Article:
The Darby Creek Greenway Trail at Battelle Darby Creek Metro Park
The Darby Creek Greenway Trail

Essential Information

  • Mileage: 17 miles
  • Activities:
    • Running
    • Trail Running
    • Biking
  • Location: SW Franklin County

Battelle Darby Creek is the largest park in the Metro Park system. There are a great variety of trails here, and a wide range of different landscapes. It’s the only place in Central Ohio where you can put in a large number of running miles off road.

The Darby Creek Greenway Trail is likely the most used trail in the park. The park has a herd of bison that are sometimes visible from the trail, although they never seem to be out when I’m there. The 5 mile trail is wide, flat, and dirt road like, and it winds through prairie and fields. It is quite scenic, but not challenging or remote. The surface is excellent for running. Unlike all of the other trails in the park, trail running shoes are not needed on this section. I frequently used this trail when training for a marathon because it gave my feet a break from the road but still allowed me to keep my running speed high. The trail is open to both runners and cyclists. That said, the trail is a bit short to be a cycling destination on its own. However, if you are already going through the park on the Camp Chase Trail, it’s definitely worth a detour. Although I can’t say for certain, I suspect that the trail would handle wet weather much better than anything else in the area.

An elevated section of trail going through prairie on the Harrier Loop at Battelle Darby Creek Metro Park
An elevated section of trail going through prairie on the Harrier Loop

The 3 mile Dyer Mill Trail was clearly built with cross country skiing in mind. The trail is fairly wide and mostly clear of overhanging trees. Going clockwise from the parking lot, the first half is mostly dirt doubletrack, and the second half is mostly grass and closer to the width of a small road. The trail is mostly flat, but there are several short and steep hills. The trail is closed to hiking and running when there is enough snow for cross country skiing. The trail is enjoyable enough, but with so many other trails in the park it’s probably not the first place to try.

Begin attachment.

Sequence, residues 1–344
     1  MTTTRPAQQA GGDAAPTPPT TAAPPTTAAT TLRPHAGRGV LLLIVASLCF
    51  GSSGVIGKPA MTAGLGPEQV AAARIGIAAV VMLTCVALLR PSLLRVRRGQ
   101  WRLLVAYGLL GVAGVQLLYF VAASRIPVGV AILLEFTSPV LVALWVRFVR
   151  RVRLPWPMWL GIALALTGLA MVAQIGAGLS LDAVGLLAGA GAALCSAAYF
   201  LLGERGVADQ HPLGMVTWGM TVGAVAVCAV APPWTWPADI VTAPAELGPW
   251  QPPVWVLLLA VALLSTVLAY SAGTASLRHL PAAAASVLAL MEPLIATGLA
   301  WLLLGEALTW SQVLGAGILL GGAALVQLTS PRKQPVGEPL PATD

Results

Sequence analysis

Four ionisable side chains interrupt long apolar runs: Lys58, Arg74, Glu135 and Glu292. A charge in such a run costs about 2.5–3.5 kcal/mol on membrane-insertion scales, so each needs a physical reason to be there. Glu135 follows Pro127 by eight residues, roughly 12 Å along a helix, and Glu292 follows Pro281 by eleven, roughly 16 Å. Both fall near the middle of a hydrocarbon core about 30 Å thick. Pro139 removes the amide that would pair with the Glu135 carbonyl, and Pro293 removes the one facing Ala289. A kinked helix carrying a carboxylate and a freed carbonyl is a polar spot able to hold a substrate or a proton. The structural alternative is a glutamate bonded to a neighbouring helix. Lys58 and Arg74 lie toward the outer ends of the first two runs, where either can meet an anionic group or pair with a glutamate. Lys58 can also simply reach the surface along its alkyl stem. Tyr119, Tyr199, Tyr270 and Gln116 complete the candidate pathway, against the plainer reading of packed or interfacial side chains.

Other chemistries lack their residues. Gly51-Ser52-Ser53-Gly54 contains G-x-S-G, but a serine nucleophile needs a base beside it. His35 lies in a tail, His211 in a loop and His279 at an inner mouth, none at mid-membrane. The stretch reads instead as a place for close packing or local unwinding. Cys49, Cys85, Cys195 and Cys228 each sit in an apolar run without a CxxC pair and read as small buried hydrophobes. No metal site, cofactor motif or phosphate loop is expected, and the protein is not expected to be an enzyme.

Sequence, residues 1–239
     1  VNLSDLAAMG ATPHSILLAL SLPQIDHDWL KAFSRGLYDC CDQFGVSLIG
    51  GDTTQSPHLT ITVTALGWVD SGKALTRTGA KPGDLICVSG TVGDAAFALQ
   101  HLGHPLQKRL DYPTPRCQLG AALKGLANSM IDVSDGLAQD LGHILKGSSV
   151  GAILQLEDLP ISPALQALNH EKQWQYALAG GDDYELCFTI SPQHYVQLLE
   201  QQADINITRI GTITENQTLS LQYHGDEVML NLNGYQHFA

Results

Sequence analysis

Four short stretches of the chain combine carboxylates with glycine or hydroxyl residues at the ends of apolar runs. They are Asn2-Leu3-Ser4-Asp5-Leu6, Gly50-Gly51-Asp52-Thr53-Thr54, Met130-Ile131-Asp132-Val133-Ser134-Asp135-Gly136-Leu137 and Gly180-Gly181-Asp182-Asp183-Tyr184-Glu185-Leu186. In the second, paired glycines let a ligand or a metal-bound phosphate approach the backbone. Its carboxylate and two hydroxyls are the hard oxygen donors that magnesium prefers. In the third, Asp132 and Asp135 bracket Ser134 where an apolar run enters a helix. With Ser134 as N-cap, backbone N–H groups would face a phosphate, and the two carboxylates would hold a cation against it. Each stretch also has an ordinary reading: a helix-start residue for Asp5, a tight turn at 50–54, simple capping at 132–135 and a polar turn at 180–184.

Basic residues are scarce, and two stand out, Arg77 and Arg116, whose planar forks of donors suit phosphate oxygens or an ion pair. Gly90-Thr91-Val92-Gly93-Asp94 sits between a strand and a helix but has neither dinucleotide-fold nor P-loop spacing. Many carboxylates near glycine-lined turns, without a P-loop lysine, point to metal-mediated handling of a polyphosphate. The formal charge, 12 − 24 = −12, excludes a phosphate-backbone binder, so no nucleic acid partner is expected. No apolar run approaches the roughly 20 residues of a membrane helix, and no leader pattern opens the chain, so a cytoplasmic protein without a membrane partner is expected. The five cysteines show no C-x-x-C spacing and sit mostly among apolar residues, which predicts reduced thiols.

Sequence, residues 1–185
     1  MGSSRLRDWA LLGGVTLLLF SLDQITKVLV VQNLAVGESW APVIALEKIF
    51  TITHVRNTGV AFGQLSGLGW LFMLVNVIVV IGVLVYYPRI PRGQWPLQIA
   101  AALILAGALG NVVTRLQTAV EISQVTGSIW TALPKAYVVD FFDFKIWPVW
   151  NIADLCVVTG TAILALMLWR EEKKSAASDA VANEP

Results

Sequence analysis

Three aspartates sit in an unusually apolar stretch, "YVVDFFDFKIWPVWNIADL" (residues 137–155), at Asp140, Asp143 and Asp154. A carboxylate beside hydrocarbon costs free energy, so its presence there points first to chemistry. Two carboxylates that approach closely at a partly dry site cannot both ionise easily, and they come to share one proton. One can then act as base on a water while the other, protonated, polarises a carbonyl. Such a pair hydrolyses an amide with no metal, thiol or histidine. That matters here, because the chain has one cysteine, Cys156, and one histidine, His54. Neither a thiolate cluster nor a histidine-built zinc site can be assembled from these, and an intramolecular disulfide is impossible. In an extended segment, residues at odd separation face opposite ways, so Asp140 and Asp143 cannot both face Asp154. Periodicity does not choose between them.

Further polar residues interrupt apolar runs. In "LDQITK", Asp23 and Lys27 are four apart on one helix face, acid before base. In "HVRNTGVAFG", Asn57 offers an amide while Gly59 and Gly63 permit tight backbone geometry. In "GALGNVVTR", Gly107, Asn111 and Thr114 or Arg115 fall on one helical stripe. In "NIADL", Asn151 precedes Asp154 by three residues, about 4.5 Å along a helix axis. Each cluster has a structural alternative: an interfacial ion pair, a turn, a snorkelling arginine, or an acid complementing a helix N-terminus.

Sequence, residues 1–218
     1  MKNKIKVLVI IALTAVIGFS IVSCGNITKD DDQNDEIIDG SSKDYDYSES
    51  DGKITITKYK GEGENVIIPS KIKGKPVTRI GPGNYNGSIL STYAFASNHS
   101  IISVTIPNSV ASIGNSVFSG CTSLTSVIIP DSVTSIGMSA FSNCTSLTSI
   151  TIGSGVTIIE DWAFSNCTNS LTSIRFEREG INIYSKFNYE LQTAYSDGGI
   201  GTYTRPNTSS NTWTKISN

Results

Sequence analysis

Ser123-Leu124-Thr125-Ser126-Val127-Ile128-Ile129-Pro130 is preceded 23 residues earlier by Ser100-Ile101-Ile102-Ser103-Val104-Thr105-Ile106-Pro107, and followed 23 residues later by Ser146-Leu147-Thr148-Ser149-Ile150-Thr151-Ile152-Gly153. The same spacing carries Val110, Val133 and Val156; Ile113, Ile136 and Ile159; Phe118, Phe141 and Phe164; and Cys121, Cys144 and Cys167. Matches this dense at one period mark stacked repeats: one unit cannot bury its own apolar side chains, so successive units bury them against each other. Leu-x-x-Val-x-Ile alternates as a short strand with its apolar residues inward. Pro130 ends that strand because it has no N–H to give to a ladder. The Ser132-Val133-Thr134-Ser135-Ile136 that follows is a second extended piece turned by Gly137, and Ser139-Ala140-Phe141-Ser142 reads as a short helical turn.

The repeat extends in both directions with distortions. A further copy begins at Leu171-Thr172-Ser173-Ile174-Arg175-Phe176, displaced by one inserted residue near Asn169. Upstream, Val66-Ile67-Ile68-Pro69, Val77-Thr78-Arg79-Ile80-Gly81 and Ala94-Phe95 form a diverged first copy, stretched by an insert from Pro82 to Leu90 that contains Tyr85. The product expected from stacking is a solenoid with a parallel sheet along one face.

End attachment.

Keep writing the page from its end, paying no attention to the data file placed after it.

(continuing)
The Teal, Harrier, and Railway trails have different names, but they are really one 3 mile loop that goes through prairie and wetlands. This is probably my least favorite section in the park. The trail has a very uneven and bumpy grass surface that is unpleasant for running. The trail is completely flat, and will likely be muddy if it has been wet. The scenery is nice, but it is not any different than the Greenway trail, which has a much nicer surface and is right across the street. Despite being my least favorite, it’s still worth running if you’re trying to add miles and not repeat trails.

A section of the Terrace trail that runs along the Big Darby Creek at Battelle Darby Creek Metro Park
A section of the Terrace trail that runs along the Big Darby Creek

There are two groupings of trails in the park’s southern section that provide the most challenging and rugged trails. These trails are best accessed from the Alkire Rd. parking lot rather than the main parking lot. One 2 mile grouping consists of the Indian Ridge, Cobshell, Hawthorn trails. On the trail it’s not entirely obvious where one begins and the other ends, but as they are all short sections it’s hard to get lost for too long. These trails are the hilliest and must challenging in the park. The trails are narrow, wooded, and frequently steep. The second grouping consists of the Ancient and Terrace trails. They are two connected trails that can be combined to form a nice 4 mile loop. These trails are similar to, but slightly less challenging than, the Indian Ridge, Cobshell, and Hawthorn trails. Portions of both trail groupings go alongside the Big Darby Creek.

Additional Information

  • View the Darby Creek trail map on the Metro Park’s website.
  • View the park’s location on Google Maps.
  • The Darby Creek Greenway Trail is the only trail in the park open to cyclists. However, the 12 mile Camp Chase Trail travels through the park and is open to bikes. It can be accessed from the Alkire Rd. parking lot. I have not yet used this trail, but I will ride it and add info soon.